The Carriers' "Rail Facts" are "Alternative Facts"

Published: Apr 24 2017 11:04AM


The recent political season saw many references to “fake news” and “alternative facts.” Whatever your political persuasion, the prime provider of “fake news” and “alternative facts” regarding this round of national bargaining is railroad management. Every so often, rail management puts out a statement on the employee web portal trying to explain how well paid you are and what nice guys railroad management really are. They pride themselves on the wage settlements from the last two rounds as “the right thing to do” as though Union solidarity had nothing to do with it. However, in this round, management says you “make too much” and you must tighten your belts so that CEO’s and stockholders can continue to rake in the record profits made by railroads over the past 10 years. Well, there’s a good place for rail management’s “fake news” – it’s called a trashcan.


Management’s Fake News: the last two contracts increased wages 42% but we can’t afford that this time and anyway, you still make good wages.

The Union’s Real News:
- The 2007 National Agreement increased wages on average 1.2% per year above inflation; the 2012 National Agreement increased wages on average 1.6% per year above inflation. Those real wage gains simply made up for the lost wages under PEB 211 and PEB 219 over 20 years ago. The truth is that rail workers today are stuck at the same standard-of-living as their brothers enjoyed 40 years ago!

-  Our current proposal has a net annual wage increase of 3.2%. The annual inflation rate is trending at around 2.5%. The Union’s wage increase is reasonable, promotes real wage gain and is in line with rail management’s ability to pay. Rail management’s wage proposal provides no back pay and a net annual wage increase of 1.5%. Under that proposal, rail workers would be worse off at the end of the contract than they were 40 years ago in real wage terms.

-Railroad management states that wages in the railroad industry are higher than average. Of course they are; and this has been the case forever. Rail workers make more than other workers in retail and many other industries which have a higher percentage of unskilled workers. The level of pay in our industry is purely a function of the mix of the high level skills it takes to run a railroad.

-According to management, the minute we get our heads above water, we should be pushed down again. Won’t happen this time.


Management’s Fake News: we are in a “prolonged” industrial recession and car loadings in 2016 dropped from 2015. We’re poor and hungry, please donate some of your wages to help us out.

The Union’s Real News:

- Total car loadings for the “Big 4” (UP, BNSF, CSX & NS) are up 5% comparing February 2016 to February 2017. Coal is up 20% in that period.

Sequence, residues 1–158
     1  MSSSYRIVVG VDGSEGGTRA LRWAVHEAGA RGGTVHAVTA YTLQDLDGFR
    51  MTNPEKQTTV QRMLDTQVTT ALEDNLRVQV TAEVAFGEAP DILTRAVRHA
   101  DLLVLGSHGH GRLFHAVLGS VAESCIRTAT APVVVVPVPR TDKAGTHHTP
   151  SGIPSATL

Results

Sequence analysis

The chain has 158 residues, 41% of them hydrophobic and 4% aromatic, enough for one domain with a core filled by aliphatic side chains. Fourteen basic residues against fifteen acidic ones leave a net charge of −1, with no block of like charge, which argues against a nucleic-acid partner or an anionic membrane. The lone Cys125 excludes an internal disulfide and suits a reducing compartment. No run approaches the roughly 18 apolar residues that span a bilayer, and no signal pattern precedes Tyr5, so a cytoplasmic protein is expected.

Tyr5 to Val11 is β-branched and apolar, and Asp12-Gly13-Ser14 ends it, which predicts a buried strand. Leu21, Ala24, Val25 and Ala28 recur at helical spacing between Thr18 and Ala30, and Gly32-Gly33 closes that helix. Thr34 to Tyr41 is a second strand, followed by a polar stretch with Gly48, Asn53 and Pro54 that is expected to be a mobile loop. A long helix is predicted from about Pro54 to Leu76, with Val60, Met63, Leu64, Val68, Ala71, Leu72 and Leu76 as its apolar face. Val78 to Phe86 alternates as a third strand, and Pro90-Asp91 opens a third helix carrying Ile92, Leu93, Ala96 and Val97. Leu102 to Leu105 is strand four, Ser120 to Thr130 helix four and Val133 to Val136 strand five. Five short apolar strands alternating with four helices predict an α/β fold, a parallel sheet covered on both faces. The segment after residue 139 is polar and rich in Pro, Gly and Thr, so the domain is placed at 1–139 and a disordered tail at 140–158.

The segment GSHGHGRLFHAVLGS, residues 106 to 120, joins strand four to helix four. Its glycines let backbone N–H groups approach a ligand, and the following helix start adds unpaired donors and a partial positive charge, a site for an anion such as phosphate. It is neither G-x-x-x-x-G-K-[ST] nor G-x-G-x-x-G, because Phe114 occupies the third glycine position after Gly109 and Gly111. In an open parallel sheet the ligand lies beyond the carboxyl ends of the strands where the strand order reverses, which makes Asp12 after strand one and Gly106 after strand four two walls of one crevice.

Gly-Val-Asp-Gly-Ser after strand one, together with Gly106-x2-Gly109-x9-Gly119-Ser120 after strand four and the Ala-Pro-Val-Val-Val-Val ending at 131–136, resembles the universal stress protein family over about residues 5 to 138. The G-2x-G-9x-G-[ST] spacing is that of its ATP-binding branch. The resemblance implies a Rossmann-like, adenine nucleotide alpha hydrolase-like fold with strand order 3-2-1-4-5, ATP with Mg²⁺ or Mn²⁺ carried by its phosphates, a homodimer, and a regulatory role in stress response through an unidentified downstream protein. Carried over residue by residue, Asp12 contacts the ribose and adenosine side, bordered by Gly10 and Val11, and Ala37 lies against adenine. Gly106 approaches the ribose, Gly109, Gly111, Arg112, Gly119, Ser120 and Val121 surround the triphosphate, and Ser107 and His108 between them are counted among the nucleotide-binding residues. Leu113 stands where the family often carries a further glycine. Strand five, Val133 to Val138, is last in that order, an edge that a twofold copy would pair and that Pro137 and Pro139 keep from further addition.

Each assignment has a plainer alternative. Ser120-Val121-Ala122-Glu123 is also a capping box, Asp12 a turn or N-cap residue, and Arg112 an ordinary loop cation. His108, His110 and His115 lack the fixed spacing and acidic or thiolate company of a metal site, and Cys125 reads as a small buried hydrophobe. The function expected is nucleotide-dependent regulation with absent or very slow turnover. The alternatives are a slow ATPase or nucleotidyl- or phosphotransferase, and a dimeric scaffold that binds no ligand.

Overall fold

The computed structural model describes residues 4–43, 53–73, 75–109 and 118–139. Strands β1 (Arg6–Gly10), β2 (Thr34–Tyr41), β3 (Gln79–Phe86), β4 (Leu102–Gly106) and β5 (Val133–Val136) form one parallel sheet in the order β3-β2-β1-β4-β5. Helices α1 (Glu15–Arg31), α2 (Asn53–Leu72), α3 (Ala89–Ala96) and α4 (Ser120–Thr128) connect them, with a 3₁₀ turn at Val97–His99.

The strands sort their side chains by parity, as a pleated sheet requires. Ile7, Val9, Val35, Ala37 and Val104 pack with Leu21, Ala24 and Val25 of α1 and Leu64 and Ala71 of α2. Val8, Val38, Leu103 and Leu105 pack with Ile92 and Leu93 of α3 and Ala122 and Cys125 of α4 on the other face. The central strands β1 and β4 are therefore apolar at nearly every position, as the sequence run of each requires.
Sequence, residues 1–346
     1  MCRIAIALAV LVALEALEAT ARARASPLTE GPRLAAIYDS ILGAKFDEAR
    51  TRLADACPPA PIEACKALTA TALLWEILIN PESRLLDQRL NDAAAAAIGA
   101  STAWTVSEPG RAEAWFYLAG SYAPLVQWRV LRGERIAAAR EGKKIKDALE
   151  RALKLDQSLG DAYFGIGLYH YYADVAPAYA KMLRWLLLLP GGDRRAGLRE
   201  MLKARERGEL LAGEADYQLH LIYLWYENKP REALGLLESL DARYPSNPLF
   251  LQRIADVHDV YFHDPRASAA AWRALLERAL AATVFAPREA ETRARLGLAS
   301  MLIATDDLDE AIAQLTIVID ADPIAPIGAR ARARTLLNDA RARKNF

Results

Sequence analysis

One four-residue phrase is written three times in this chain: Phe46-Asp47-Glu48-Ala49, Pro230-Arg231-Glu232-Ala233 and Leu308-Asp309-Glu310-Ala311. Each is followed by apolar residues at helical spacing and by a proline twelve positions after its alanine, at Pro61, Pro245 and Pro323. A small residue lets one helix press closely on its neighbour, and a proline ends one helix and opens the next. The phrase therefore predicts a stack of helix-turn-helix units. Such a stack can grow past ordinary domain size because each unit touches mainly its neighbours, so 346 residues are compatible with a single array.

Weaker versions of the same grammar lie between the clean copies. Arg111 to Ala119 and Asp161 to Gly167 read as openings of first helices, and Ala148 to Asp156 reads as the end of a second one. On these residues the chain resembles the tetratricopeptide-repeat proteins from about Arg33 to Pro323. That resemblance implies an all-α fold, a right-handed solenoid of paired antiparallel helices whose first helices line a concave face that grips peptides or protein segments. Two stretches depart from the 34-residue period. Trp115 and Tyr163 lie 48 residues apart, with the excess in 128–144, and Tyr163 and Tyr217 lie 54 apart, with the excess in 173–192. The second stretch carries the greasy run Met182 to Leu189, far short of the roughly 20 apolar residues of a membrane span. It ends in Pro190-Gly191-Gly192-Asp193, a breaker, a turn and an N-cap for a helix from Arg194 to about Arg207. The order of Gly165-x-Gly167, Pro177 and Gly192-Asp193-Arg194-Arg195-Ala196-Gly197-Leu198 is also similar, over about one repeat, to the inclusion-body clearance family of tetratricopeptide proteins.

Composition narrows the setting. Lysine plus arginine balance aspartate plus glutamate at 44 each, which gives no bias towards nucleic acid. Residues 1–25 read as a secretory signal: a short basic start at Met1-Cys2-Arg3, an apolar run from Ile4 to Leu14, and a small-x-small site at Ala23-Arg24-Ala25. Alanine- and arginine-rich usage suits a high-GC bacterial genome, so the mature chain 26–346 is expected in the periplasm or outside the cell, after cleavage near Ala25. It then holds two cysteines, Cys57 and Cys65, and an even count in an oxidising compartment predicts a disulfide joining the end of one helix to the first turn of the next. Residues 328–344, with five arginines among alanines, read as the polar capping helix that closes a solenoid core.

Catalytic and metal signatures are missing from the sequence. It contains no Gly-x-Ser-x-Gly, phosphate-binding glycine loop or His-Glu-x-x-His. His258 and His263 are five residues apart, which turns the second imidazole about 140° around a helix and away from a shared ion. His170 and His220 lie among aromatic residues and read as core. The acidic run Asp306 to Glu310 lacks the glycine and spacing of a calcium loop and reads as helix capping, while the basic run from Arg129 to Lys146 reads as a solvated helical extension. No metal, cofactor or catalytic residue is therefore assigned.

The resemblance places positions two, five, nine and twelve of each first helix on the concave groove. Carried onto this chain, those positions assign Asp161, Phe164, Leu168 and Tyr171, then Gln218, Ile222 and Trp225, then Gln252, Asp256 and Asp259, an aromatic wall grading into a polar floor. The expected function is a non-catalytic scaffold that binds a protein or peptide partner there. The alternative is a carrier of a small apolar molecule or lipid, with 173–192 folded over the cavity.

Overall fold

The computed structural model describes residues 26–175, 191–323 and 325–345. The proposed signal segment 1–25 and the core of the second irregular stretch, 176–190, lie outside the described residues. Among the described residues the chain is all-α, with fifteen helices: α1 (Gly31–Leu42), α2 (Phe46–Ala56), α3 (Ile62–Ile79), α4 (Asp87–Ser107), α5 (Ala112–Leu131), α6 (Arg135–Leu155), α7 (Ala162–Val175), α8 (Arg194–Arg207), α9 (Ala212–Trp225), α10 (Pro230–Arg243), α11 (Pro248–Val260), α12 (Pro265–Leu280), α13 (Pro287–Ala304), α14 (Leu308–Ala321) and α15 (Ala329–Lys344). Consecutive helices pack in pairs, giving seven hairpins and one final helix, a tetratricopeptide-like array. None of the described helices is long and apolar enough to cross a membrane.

-The composite operating ratio for the Big 4 was 66.1 in the 2016; in 2014, it was 67.7, a drop of 1.6%. That drop was worth $1.1 billion per year to the railroads. In 2005, the composite ratio was 80.9 and in 2010 it was 71.8. The financial position of the railroads is much stronger now than in the years preceding the last two rounds of bargaining.
-Railroad profits in 2005 were $4.9 billion; in 2015 it was $14.5 billion - the best year in the history of the railroads Labor expense as a percentage of total freight revenue fell from 29.5% in 2005 to 24.2% in 2015 with a similar sized workforce. By any reasonable measure, the railroads are doing well and the last two agreements did nothing to impede their improving financial performance.
-In 2005, the average dividend per share of CSX, UP and NS stock was 22 cents. (BNSF is part of Berkshire Hathaway and not reported separately – however if Warren Buffet owns you, that means you are valuable as well.) In 2016 it was $1.57. Railroads have been buying back shares from shareholders as well. These 3 railroads alone have spent over $30 billion in stock repurchase programs over the past 10 years. The total return to shareholders from 2004 to 2015 increased 271.5%, far outpacing the performance of the S&P 500.


Management’s Fake News: Your benefits are much better than the average workers, including Walmart workers. You should pay more for your healthcare and have some “skin” in the game. Oh, and it was the Affordable Care Act’s (ACA) fault.

The Union’s Real News:
-The ACA increased costs a total of $438.1 million from 2011 to 2016. 79% of that amount went towards the coverage of your kids until age 26 and expansions of preventive care outside of cost-sharing. We think providing good insurance for rail worker’s kids is important, but apparently management doesn’t. Despite these costs, railroad workers’ health plan costs have increased less than the average worker’s. In fact, the railroads’ health care costs have risen 55.5% over
the past 16 years, while other employers’ generally absorbed an increase of 81.8%. Compared to others industries, railroads’ healthcare cost have risen modestly.
-In 1984, healthcare cost the railroads $.0014 per ton mile. In 2015, that figure was $.00156 per ton mile. Healthcare costs per ton-mile have been stable for over 30 years. There is no looming crisis.
-The 2012 National Agreement provided the railroads $90 million in annual healthcare savings. The Union’s proposal this time, which includes putting the networks out to competitive bid for the first time in 20 years, provides over $130 million in annual savings, most of which comes from the medical vendors not the railroad workers’ pockets. Ours is a “mainstream” proposal that will reduce costs without creating financial hardship to rail workers.